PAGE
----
Can Artificial Intelligence identify your playing style?

by ChessBase
2/4/2022 – Ashton Anderson, a computer scientist at the University of Toronto, wanted to know whether chess players have a unique playing style. To answer that question, he and his team gathered more than "50 million human games played on the Lichess website. They collected games by players who had played at least 1000 times and sampled sequences of up to 32 moves from those games. ... [Then] they gave the system 100 games from each of about 3000 known players, and 100 fresh games from a mystery player. The system ... identified the mystery player 86% of the time." An article in "Science" takes a closer look at the pros and cons of this experiment. | Photo: Xi Jian/ | Source: "Science"

ChessBase 17 - Mega package - Edition 2024 ChessBase 17 - Mega package - Edition 2024

It is the program of choice for anyone who loves the game and wants to know more about it. Start your personal success story with ChessBase and enjoy the game even more.


AI unmasks anonymous chess players, posing privacy risks

Software that identifies unique playing styles could lead to better tutorials and game play

By Matthew Hutson

Think your bishop’s opening, queen’s gambit, and pawn play are unique? A new artificial intelligence (AI) algorithm has got your chess style pegged. AI software can already identify people by their voices or handwriting. Now, an AI has shown it can tag people based on their chess-playing behavior, an advance in the field of "stylometrics" that could help computers be better chess teachers or more humanlike in their game play. Alarmingly, the system could also be used to help identify and track people who think their online behavior is anonymous.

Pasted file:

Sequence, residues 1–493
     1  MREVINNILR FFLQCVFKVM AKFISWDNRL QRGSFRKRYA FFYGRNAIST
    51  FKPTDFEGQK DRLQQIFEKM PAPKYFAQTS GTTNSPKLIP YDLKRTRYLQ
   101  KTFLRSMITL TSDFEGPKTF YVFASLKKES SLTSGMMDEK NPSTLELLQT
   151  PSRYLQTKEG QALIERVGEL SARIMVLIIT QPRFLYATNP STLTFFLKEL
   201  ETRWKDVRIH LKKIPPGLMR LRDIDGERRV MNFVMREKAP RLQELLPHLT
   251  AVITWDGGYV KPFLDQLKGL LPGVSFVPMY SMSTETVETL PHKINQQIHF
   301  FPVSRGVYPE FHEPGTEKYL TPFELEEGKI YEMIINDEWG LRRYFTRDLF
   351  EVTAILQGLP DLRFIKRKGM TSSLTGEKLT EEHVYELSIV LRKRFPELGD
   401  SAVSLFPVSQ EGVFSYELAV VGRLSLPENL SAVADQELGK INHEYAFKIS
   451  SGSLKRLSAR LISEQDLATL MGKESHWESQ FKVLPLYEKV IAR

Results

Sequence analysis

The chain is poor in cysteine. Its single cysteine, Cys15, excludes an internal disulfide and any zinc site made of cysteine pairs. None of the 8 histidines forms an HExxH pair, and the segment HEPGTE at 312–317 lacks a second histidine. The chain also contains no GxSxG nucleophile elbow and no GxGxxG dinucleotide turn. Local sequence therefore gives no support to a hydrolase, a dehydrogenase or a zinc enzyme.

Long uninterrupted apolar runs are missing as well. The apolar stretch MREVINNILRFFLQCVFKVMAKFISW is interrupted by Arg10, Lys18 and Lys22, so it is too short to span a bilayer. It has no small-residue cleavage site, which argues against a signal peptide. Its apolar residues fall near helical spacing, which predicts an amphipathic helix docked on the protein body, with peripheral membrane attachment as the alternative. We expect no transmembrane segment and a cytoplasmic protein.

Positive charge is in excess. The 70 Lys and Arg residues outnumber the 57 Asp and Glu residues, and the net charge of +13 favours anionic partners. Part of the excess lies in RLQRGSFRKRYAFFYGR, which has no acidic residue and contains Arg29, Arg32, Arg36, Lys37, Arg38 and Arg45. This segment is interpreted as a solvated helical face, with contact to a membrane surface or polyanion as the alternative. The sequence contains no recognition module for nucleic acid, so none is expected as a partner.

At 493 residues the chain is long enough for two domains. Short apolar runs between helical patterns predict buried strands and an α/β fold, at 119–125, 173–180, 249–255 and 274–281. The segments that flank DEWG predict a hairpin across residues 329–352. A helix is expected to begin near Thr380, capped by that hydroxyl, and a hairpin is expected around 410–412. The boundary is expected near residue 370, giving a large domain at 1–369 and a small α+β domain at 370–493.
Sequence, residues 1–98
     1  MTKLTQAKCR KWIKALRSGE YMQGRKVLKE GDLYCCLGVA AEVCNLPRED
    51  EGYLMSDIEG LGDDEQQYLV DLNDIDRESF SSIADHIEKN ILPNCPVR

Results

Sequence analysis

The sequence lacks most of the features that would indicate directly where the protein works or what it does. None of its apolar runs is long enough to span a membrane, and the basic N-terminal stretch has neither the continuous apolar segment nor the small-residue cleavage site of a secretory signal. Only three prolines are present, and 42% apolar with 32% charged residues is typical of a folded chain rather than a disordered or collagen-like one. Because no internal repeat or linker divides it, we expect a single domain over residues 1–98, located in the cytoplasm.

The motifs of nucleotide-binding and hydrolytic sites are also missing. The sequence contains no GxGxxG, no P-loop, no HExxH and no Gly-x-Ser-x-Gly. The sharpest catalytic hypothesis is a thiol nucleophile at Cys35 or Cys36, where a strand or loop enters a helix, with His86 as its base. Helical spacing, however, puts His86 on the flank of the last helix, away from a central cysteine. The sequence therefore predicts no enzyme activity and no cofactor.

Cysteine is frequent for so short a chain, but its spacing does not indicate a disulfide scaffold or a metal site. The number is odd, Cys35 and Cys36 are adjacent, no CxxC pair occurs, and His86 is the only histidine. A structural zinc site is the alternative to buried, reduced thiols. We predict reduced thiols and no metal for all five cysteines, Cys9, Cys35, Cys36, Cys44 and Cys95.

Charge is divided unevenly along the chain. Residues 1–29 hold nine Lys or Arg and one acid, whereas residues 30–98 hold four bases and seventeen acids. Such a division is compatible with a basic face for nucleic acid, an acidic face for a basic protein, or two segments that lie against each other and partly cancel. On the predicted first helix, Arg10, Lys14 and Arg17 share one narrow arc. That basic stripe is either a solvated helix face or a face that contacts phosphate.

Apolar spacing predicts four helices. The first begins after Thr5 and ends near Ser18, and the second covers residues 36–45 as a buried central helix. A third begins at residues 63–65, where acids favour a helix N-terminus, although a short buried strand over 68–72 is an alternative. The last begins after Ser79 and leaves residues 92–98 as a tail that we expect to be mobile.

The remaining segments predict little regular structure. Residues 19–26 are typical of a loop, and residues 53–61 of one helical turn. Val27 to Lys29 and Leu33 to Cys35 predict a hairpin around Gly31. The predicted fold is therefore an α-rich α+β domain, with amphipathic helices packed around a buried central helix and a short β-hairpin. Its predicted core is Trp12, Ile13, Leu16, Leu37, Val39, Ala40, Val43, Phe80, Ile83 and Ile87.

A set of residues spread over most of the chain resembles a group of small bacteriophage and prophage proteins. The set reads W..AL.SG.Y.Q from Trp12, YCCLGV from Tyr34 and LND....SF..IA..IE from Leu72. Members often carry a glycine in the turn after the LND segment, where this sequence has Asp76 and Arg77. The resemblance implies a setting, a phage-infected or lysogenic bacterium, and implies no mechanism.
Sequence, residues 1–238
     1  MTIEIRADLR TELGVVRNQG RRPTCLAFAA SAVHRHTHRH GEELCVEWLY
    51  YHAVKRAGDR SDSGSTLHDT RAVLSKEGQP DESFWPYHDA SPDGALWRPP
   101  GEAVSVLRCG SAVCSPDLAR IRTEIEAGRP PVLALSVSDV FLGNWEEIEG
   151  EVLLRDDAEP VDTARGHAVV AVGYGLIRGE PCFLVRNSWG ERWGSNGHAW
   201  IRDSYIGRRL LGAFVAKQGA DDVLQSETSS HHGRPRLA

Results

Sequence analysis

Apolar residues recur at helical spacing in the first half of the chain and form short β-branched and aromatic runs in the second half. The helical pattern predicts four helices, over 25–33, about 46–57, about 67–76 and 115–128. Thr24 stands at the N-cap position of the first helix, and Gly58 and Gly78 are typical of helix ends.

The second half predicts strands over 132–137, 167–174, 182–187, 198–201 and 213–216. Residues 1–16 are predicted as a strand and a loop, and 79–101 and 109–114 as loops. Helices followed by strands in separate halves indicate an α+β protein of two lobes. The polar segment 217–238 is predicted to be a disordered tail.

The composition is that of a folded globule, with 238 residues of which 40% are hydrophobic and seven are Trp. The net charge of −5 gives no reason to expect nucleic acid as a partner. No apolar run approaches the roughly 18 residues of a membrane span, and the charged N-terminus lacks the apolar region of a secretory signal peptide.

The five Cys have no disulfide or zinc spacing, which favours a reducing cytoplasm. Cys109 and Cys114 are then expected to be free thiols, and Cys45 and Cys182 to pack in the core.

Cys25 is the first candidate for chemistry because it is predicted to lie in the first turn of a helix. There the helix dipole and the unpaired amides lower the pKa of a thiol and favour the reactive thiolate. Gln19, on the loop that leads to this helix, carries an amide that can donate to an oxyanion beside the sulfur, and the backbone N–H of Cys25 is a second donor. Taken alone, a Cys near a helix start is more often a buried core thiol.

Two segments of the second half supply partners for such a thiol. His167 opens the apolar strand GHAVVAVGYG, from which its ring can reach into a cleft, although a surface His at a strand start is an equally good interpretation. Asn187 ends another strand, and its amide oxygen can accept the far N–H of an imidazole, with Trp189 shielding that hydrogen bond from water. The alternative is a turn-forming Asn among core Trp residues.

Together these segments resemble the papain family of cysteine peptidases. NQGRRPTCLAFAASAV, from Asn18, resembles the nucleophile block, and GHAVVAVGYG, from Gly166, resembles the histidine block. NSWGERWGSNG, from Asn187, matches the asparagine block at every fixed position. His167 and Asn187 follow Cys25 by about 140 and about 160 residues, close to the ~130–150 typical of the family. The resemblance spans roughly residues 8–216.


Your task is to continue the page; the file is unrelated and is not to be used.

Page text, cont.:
"Privacy threats are growing rapidly," says Alexandra Wood, a lawyer at the Berkman Klein Center for Internet & Society at Harvard University. She says studies like this one, when conducted responsibly, are useful because they "shed light on a significant mode of privacy loss."

Chess-playing software, such as Deep Blue and AlphaZero, has long been superhuman. But Ashton Anderson, a computer scientist at the University of Toronto and principal investigator of the new project, says the chess engines play almost an "alien style" that isn’t very instructive for those seeking to learn or improve their skills. They’d do better to tailor their advice to individual players. But first, they’d need to capture a player’s unique form.

See complete article at "Science" online...


Reports about chess: tournaments, championships, portraits, interviews, World Championships, product launches and more.


Rules for reader comments


Not registered yet? Register